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Athol Williams | Poet, Founder of Read to Rise & Social Philosopher
Athol Williams came from humble beginnings in Mitchells Plain, Cape Town, and has then lived in Johannesburg, Boston and London. He currently splits his time between Oxford and Cape Town. Athol Williams has published 3 collections of poems and 2 children’s books. He also has a deep passion for reading and education. He is pioneering efforts to use his award-winning poetry to guide thinking in social development and philosophy. He recognizes the vital role education plays in the pursuit of freedom and human development, hence his involvement in social change through education. He is the co-founder of Read to Rise, an NGO that promotes youth literacy. Read to Rise promotes youth literacy in under-resourced communities of South Africa. They seek to improve access to age-appropriate books for children in Grade 2 and Grade 3.
My Definition Of Success | For the first twenty four years of my life everything around me was designed to brainwash me into believing that I was a person destined for mediocrity. And under Apartheid, everything was designed to ensure that mediocrity was all I would ever achieve. Success for me meant breaking out of the prison of mediocrity that I had been born into. This required that I acknowledge that I am someone of far greater worth than I was led to believe, undo the brainwashing and free my mind, and secondly that I work relentlessly to physically break out of the chains. I knew that education would be my ticket to freedom. Books would set me free. But I grew up at a time of major political unrest in the country which severely interrupted my schooling.
I Am Driven By | My personal mission is “by my words and deeds to enable and inspire others to thrive.” This mission guides all the work I do whether it is community development, advising government or corporations or writing poetry or children’s books. I am driven by personal excellence and by inspiring others to live meaningful lives. I am disturbed by inequality and hopelessness, and have set out to explore, in my academic and professional work, institutional arrangements that might sustainably make our society for equitable and harmonious.
My Highlights | I am proud of my academic achievements (degrees from Oxford (pending), Harvard, LSE, LBS, MIT and Wits) especially given where I started. MIT in particular was a major accomplishment because I went to the US in 1994 knowing no-one, without any money to pay for my studies and without a place to live. I squatted on campus and stressfully ignored the mounting bills, until I convinced the university to create a scholarship for me.
I am proud of what my team and I have achieved at Read to Rise, the literacy NGO that my wife, Taryn, and I founded in 2013. We have already distributed 30,000 new books to Grade 2s and 3s in disadvantaged communities.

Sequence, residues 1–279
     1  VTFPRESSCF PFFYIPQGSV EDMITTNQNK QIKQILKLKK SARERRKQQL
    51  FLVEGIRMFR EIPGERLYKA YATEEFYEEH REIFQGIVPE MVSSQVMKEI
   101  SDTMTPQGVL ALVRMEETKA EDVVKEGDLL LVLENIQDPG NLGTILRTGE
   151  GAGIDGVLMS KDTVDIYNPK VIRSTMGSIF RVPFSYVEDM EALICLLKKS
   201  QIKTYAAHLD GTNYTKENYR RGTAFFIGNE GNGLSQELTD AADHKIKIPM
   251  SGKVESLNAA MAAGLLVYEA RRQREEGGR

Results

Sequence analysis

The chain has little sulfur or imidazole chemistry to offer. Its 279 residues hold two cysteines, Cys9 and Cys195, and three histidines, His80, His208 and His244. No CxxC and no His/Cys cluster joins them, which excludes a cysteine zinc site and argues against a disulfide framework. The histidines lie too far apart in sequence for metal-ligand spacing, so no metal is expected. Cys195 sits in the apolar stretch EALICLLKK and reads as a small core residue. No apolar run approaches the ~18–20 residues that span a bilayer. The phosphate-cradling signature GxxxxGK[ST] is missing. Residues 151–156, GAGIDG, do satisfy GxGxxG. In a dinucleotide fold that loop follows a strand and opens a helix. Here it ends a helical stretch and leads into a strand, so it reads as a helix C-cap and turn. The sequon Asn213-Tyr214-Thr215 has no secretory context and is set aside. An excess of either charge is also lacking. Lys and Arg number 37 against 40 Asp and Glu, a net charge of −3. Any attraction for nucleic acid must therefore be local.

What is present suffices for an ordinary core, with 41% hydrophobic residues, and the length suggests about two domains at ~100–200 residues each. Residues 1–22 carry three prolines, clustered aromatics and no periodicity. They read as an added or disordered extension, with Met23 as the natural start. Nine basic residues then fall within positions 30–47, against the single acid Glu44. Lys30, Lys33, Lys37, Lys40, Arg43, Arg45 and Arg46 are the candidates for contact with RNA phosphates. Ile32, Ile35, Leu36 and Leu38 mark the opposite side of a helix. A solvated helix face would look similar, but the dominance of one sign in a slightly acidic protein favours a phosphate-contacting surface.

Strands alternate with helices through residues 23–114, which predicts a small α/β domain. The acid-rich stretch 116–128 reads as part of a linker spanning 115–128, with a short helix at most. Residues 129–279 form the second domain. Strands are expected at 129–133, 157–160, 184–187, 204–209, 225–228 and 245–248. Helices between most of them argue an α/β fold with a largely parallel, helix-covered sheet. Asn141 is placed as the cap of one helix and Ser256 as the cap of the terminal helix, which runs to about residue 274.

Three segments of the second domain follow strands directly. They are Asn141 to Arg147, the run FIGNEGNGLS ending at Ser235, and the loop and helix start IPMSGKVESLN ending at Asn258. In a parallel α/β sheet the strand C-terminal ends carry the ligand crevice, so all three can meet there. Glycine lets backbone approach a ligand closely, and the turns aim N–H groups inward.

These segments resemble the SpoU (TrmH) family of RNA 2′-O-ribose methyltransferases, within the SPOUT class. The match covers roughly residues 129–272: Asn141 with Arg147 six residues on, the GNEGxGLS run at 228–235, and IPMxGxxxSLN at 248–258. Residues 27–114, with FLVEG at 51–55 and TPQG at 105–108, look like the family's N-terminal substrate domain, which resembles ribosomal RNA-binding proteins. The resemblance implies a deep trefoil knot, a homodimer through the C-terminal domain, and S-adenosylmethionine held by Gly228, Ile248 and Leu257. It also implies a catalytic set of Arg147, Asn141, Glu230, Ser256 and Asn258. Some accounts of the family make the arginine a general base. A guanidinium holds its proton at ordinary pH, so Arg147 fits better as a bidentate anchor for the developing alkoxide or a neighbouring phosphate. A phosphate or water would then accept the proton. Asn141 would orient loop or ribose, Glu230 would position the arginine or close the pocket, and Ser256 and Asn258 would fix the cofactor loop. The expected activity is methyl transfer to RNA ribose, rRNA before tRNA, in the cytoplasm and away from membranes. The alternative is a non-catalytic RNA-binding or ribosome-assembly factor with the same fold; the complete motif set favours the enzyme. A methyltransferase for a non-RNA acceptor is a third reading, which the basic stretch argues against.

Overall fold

Professionally I have served in incredibly rewarding roles, including Partner at Bain & Company, a leading global strategy consultancy and Strategy Director of Old Mutual. Probably the most rewarding has been to have founded the longest running niche South African strategy consulting firm, Taurus Associates.
I feel blessed to have had 3 books of poetry published as well as 2 children’s books; and to have been awarded the 2015 Sol Plaatje European Union Poetry Award – a wonderful recognition of my poetry, a craft that I have been developing for over 20 years.
The Difference Between Good And Great | The difference between great and good is someone’s willingness to accept the risk of failing, and then getting up again when they fail. When we play it safe we are unlikely to fail but also unlikely to be great. It is only when we push beyond boundaries and test our limits that we open ourselves to the possibility of greatness but this comes with the risk of failure, something we need to accept if we are pursuing greatness or excellence. The most important skill we can learn is to silence the negative voices in our heads. I have incomplete degrees, vast numbers of rejection letters from publishers and failed companies, so have failed many times. Greatness comes when you are prepared to risk falling, and when you do fall, are able to get up and keep going.
A Key Talent | In all of my work, the ability to synthesise vast amounts of information down to their critical elements and then propose a few action steps, has been a key success factor. We are inundated with information these days, just being able to find information and even having lots of facts in your head will not get you anywhere. Success is driven by action and we can only know what the best actions are if we are about to simplify and focus our thinking. This requires the ability to synthesise. The most successful people are able to do this – to look at lots of complexity and be able to find the most important elements and derive key actions from them. I always suggest that in every situation, seek out the three most important issues and focus on the two or three actions that are required. This also helps with communicating ideas and is so critical if you’re trying to get buy-in and to get others to take action.